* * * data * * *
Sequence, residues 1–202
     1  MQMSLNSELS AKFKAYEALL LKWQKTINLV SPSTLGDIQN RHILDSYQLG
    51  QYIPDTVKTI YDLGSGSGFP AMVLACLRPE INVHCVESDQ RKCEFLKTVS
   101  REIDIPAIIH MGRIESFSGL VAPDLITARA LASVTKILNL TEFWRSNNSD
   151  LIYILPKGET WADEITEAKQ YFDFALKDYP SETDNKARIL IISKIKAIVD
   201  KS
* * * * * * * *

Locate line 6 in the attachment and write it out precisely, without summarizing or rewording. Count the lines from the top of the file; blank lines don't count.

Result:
   201  KS